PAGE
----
It looks like the hard-working, long-serving member for Eketahuna North needs to brush up on his understanding of “institutional racism”.
The expression was used this morning by that Maanu Paul feller, interviewed (here) on Morning Report.
The Maanu Paul feller, of course, is a Maori Council leader, although he has not found himself in that position without controversy (as you will learn here).
In fact he got himself into hot water for talking about Maori claims to water and as recently as August last year (we are reminded here), the council gave the bugger the old heave-ho.
A row has blown up within the New Zealand Maori Council after one of its senior figures was expelled for speaking publicly.
Council deputy chair Richard Orzecki says Maanu Paul was expelled for bringing the organisation into disrepute by making public comments.
Mr Paul has spoken to the media on a number of issues, the latest being about the organisation’s Waitangi Tribunal claim for water ownership rights on behalf of 30 hapu.
It seems, therefore, he is a sort of Maori Lazarus who has risen from the political dead.
But fair to say, Maanu Paul maintained he had not been sacked and would continue to comment publicly until Sir Graham Latimer, the big chief of the outfit, directed him otherwise.
The Maui Street item posted above, by the way, mused on whether Maanu’s connections to the Maori Party had anything to do with his expulsion.
Maanu is one the Party’s most prominent and vocal supporters. It will be interesting to know whether his connections and pro-Maori Party/National Party actions were getting up the nose of the increasingly left-wing Maori Council.
If Maanu is pro-Maori Party/National Party, he has a curious way of showing his loyalties.
In his interview on Morning Report, he accused John Key of manifesting institutional racism.
And he said the Maori Party should walk away from its relationship with the Government while its mana is still intact.
The party’s leadership will meet the Prime Minister on Wednesday to discuss his statement that the Government could ignore any ruling the Waitangi Tribunal makes on water rights.
Council co-chair Maanu Paul says John Key is manifesting institutional racism when he says no one owns water.
He says the Maori Party should get out of the governing relationship while its mana is still intact.
But Mr Key says he hopes the Maori Party does not leave and he, as Prime Minister, was just stating the Crown’s position.
Alf is bemused by that stuff about institutional racism.
The Boss is being condemned for saying nobody owns the water.
By nobody, it is fair to suppose he is saying Pakeha do not own the water.
And Asians don’t own the water.
And Hottentots don’t own the water.
And Eskimos don’t own the water.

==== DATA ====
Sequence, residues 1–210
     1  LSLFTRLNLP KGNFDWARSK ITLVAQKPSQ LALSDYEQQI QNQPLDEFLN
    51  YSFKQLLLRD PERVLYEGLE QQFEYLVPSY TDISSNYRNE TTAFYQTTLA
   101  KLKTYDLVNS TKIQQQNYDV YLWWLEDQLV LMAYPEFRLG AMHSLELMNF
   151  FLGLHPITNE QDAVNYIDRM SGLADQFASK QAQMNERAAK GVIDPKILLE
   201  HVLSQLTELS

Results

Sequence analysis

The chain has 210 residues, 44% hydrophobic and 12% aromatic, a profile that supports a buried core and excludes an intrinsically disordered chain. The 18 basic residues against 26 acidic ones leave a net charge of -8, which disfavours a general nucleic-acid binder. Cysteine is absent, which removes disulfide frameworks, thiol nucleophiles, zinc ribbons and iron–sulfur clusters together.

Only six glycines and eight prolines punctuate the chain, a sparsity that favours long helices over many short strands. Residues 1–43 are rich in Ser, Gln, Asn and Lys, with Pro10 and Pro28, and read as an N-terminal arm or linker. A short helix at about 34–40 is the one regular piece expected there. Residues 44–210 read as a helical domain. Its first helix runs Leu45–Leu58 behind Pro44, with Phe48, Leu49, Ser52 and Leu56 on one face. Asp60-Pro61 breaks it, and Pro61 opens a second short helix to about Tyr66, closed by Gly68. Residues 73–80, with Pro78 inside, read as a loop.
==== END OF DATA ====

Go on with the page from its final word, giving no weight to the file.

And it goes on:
Have we missed anybody out?
And Maori don’t own the water.
That’s the problem. Maanu Paul is saying they do.
At what point they start owning the water will be the stuff of interesting, but costly, litigation.
Do they own it while it is up in the clouds, prior to becoming precipitation?
Do they own it during its fall from the clouds to the earth?
Do they own it when it has fallen into puddles in Alf’s back garden?
Do they own it after it has flowed from Alf’s roof and into his water tank?
Do they own it after it has been flushed down the bog and (the process differs from place to place) finishes up in the ocean?
And if they do, bearing in mind the ocean is an enormous mass of water, at what point do they no longer own it – or do they own the lot, no matter whose shores it reaches?
It’s a bit like another great conundrum that puzzles Alf: what, exactly, is “the Maori Economy” and at what point does it butt against the national economy?
But this is to digress.
More immediately, Alf harks back to the Maui Street item on internal strife in the Maori Council and the suggestion it attests to to the council’s growing irrelevance.
The National Government has selected the Iwi Leaders Group (ILG) as their Maori vehicle of choice when it comes to consultation and access.
The problem for the Maori Council is that they are a creature of Statute (The Maori Welfare Act 1962) and, consequently, relies on the acquiesce of the government of the day. On the other hand the ILG set their own mandate and enjoy access to their own capital, i.e. the government does not fund them and, therefore, cannot strangle them when they fall out of favour.
The Maori Council is also, ideologically speaking, non-aligned with the current government whereas the ILG falls firmly in line with the Nat’s ideological position (e.g. privatisation). The Maori Council is creating issues for the government, for example by fuelling debate on Maori rights to fresh water, while the ILG is actively supporting the government’s asset sales campaign.
It is easy to see why the government has turned to the ILG at the expense of the Maori Council.
This gives us a hint of what Maanu Paul and the council’s Waitangi Tribunal action is all about.
While he warns the Maori Party it risks losing its mana, he is really doing his damndest to restore the Maori Council’s mana.